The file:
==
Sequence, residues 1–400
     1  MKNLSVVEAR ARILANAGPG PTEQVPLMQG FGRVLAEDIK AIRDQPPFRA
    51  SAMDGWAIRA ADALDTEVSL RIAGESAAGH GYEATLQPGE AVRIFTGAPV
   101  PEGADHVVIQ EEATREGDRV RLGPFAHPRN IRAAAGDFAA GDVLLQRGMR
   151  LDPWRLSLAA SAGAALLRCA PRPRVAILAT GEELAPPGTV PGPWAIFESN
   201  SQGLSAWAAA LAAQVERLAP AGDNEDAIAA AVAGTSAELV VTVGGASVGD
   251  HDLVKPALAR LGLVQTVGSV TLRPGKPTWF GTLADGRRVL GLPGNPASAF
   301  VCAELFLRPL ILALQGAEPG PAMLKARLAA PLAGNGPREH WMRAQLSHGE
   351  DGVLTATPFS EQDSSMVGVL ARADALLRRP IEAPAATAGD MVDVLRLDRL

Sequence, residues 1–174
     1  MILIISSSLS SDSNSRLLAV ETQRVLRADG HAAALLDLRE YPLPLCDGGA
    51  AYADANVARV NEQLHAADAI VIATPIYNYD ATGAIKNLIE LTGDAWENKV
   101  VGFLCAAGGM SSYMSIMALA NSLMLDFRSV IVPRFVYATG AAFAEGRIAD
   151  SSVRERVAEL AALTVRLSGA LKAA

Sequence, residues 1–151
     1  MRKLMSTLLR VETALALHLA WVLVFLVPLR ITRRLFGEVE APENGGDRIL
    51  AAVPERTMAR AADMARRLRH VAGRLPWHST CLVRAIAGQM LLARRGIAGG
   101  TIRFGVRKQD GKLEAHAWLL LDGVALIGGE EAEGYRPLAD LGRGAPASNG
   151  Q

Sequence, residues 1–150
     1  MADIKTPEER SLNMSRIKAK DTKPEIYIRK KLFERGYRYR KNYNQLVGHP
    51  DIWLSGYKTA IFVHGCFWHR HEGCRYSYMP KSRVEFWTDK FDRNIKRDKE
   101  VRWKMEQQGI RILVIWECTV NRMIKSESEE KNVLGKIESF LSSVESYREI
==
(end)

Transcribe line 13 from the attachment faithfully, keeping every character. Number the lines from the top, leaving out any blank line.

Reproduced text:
   101  VGFLCAAGGM SSYMSIMALA NSLMLDFRSV IVPRFVYATG AAFAEGRIAD